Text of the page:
Dog owners warned about dangerous Halloween food that could cost you £200 and an emergency trip to the vet
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Although pumpkin carving is an iconic Halloween tradition, parts and products containing the fruit can cause serious damage to your dog if eaten.Pumpkin pie fillings, blends, and mixes can make your dog ill as they often contain toxic substances like nutmeg and cinnamon, which can end up in an emergency out-of-hours trip to the vet with an average cost of £200.
Experts at Howden Insurance are advising people how to avoid Halloween horrors for your pooch - and a costly vet bill - this October.
How can pumpkins harm your dogs?
Dogs can eat pumpkin, and it’s even recommended for their diet as it is a good source of fibre, iron, potassium, carotene, and vitamin A, and it aids digestion.
Unsweetened pumpkin puree, canned or baked pumpkin should be fine for pups to eat. But some pumpkin parts and products are unsafe.
Pumpkin seeds, while edible, should be kept away from small dogs as they pose a choking hazard. Instead, vets recommend seeds be cleaned, peeled, roasted, and ground before being fed to a dog.
Pumpkin skin can also be a choking hazard that risks gut obstruction if swallowed. So make sure this is removed before feeding.
The stems and leaves are also harmful to pups, as they are covered with prickly hairs that can irritate their mouth, throat, and stomach.
Alternatively, fresh apples, also popular during Halloween, are fine to feed to dogs and can even freshen their breath.
What other Halloween food is dangerous for dogs?
Chocolate: It’s commonly known that chocolate is highly toxic for dogs, but owners should take extra care not to drop any on the floor or leave smears as dogs will eat it.
Grapes and raisins: Both can lead to kidney failure in dogs, so keep an eye out if your dog is around these foods.
Onions and garlic: These can damage red blood cells and cause anaemia.
Xylitol: According to Preventive Vet, there are over 700 products that contain xylitol, an artificial sweetener extremely toxic to dogs. It is found in baked goods, some nut butter, and sugar-free sweets, all typical during Halloween.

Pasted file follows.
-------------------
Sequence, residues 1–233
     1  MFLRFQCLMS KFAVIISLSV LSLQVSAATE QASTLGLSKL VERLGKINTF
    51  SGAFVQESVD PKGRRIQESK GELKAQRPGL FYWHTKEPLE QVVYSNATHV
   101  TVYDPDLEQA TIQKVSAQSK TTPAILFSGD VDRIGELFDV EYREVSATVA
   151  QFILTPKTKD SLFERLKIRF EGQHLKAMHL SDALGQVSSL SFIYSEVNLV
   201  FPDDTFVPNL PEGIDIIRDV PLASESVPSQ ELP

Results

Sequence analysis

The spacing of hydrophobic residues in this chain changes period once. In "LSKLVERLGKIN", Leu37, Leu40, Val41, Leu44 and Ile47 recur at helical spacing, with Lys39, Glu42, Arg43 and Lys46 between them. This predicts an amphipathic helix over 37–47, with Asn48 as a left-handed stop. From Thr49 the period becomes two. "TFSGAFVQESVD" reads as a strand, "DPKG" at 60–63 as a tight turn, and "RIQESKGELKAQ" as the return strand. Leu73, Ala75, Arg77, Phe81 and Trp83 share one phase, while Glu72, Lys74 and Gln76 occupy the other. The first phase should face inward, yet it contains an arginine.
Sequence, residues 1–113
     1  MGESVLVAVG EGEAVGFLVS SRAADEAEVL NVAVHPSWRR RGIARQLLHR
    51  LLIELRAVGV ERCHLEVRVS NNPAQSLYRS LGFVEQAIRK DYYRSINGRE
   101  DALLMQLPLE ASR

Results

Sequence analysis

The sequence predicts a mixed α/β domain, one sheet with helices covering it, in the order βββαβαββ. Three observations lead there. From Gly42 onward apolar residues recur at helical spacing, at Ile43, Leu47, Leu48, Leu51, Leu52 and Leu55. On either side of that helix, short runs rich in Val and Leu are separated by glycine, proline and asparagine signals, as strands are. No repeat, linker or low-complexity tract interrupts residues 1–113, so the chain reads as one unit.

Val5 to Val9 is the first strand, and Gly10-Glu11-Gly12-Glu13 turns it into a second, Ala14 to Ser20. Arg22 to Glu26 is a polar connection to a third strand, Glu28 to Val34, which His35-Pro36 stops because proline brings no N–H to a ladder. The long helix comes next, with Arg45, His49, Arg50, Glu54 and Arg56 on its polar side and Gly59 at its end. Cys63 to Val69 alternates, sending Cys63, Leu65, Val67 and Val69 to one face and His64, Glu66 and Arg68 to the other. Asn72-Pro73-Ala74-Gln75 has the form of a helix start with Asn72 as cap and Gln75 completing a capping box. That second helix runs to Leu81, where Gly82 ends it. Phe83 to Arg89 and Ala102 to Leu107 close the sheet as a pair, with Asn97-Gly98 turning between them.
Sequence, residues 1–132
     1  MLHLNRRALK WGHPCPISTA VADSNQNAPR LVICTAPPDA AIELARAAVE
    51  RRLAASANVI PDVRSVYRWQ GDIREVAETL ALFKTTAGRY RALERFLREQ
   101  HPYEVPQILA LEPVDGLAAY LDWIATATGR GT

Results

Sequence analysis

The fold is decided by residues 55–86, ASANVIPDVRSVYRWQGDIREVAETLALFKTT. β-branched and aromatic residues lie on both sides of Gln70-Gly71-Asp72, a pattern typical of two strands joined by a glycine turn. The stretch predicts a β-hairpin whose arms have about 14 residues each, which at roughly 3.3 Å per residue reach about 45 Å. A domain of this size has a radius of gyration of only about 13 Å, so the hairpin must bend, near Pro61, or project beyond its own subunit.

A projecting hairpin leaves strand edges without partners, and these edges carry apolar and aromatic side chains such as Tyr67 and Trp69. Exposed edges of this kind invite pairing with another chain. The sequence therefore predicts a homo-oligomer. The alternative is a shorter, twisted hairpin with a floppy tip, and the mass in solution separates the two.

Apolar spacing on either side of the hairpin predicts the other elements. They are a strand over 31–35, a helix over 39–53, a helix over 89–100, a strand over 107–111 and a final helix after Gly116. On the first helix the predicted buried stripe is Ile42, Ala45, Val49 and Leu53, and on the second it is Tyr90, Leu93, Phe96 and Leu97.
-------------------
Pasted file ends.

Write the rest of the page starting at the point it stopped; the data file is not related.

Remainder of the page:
Experts recommend always reading labels carefully, never to risk it if in doubt, and to consult your vet before making any significant changes to your dog’s diet.
How to calm a nervous dog on Halloween
Halloween disturbs a dog’s routine, between all the unexpected knocking, people, outfits, parties, noises, and fireworks, so it’s normal for them to be nervous.
But there’s a lot you can do to help your pup feel safe and calm.
Walk your dog before dark: If you can’t get out while it’s still light, try to expend energy in other ways, such as playtime.
Keep to their usual routine where possible: Keeping to your dog’s schedule will help them feel stable, comfortable, and calm.
Pre-empt knocks with a distraction, such as a long-lasting chew toy: Toys will help distract your dog and encourage self-soothing behaviours.
Separate your dog from your front door, for example, with a stairgate: It’s a temporary solution if they are still in training, but can help prevent them from escaping out the front door.
Leave sweets outside: Include a sign asking trick-or-treaters not to knock or ring the bell because you have a nervous dog.
Prepare a safe space for your dog: It could be a snug corner, under a table, or in their favourite room. Use extra blankets to make the space more cosy, reduce noise, and help them feel safer. Keep the space away from windows and doors if possible.
Reward good behaviour: Such as remaining calm, settling, and responding. Avoid scolding, which can agitate them further.
A spokesperson from Howden Insurance said: “Halloween and Bonfire Night can be scary and really upsetting for dogs and their owners. With these tips, owners can help keep their dogs safe and calm while enjoying the festivities.”